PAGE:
The paper is concerned with the epistemological status of testimony and the question of what may confer justification on true testimonial beliefs and enable us to call such beliefs knowledge. In particular, it addresses certain anti-reductionist arguments in the epistemology of testimony and their incompatibility with the grammatical categories of egophoricity (conjunct/disjunct marking) and evidentiality (information source marking) present in the architecture of natural languages. First, the tradition of epistemological individualism and its rationale are discussed, as well as certain attempts within this tradition to include testimony-based beliefs in the body of legitimate and rational beliefs. The next section is concerned with the anti-reductionist approach to testimonial beliefs and some arguments supporting ‘the credulity principle’ grounded in Thomas Reid's philosophy of common sense. The last two sections show how the anti-reductionist argumentation is threatened with an insoluble dilemma when considered in the context of languages with the grammatical categories of egophoricity (conjunct/disjunct marking) and evidentiality (information source marking). Special attention is paid to the justificatory role of egophoric and evidential marking; how these grammatical categories may influence the process of belief formation, and consequently, how this bears upon the nature of justification for testimonial beliefs. The final conclusion of the paper is that the anti-reductionist claim concerning the directness and non-inferential nature of testimonial knowledge is bound to meet objections grounded in the structure of many natural languages. This leads to a paradox: in discussion with reductionism, anti-reductionists do seek support for their arguments in common sense beliefs reflected in everyday language, and, on the other hand, their claims are incompatible with the linguistic data found in a number of natural languages.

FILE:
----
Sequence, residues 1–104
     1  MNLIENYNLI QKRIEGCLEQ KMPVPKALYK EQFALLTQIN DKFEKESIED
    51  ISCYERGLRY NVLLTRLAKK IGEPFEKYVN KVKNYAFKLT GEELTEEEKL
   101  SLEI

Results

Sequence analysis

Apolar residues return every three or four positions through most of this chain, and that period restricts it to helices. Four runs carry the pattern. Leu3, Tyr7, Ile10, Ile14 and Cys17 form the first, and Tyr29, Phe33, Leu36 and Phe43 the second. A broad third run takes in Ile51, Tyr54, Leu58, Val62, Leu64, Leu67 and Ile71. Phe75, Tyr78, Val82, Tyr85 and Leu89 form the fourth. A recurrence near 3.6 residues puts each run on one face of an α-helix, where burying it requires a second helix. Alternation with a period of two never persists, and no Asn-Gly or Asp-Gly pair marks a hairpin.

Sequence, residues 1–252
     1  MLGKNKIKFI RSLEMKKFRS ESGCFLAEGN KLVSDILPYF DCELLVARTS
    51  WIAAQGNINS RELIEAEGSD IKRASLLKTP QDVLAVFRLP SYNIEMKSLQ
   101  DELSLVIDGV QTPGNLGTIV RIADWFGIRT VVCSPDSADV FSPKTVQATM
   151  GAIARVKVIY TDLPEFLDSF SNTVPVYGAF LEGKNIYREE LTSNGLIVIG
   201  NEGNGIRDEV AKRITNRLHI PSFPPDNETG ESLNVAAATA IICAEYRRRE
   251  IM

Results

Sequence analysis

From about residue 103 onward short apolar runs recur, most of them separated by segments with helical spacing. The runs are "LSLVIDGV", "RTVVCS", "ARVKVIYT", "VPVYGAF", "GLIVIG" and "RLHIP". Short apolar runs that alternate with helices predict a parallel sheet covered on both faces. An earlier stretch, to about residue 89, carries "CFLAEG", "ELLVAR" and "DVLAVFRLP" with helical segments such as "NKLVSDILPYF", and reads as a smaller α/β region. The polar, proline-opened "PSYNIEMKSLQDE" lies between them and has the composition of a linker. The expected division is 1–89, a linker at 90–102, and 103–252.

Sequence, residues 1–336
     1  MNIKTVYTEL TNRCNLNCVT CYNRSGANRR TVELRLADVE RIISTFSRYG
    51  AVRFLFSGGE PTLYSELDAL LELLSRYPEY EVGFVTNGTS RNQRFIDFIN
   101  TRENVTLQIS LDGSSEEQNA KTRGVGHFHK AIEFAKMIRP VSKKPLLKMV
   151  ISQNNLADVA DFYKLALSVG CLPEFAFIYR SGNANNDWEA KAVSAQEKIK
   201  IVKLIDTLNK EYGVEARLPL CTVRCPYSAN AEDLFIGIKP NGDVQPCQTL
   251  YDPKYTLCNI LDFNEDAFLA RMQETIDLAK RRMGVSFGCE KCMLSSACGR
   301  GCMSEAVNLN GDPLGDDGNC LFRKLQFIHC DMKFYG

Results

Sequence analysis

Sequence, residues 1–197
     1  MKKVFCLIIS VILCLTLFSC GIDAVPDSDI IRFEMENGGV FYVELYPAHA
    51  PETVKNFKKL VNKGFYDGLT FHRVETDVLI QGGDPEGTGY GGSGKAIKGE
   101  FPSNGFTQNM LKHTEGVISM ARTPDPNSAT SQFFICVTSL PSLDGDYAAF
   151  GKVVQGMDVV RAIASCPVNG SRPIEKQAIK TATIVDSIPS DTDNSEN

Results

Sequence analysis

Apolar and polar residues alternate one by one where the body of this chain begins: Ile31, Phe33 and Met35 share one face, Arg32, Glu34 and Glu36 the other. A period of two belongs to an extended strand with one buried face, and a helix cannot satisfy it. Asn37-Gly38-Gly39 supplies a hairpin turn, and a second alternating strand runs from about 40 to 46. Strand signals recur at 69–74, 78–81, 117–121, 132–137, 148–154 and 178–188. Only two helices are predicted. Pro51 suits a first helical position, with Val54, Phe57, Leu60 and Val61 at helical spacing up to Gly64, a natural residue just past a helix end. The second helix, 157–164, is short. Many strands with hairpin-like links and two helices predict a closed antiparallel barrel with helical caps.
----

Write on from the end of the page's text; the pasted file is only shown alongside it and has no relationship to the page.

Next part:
... 28-29). 8 For an analysis of reductionism in the epistemology of testimony, please refer to, for instance, Adler (2002Adler ( , 2006, Audi (1997Audi ( , 2002Audi ( , 2004Audi ( , 2006, Coady (1992), Faulkner (2000), Fricker (1987Fricker ( , 1994Fricker ( , 1995Fricker ( , 2002Fricker ( , 2006, Gelfert (2014), Kusch (2002, Lackey (2003Lackey ( , 2006, Lehrer (1994), Root (2001). 9 In the epistemic appraisal of a direct testimony, the reductionist approach contrasts with another paradigm, referred to as anti-reductionism (in this respect see Adler 2006;Burge 1993 andCoady 1992;Dummett 1993;Gelfert 2014;Goldberg 2006;McDowell 1998;Stevenson 1993;Strawson 1994;Weiner 2003), that accords to testimony the same epistemic dignity as the other four sources of knowledge. ...
Article
Full-text available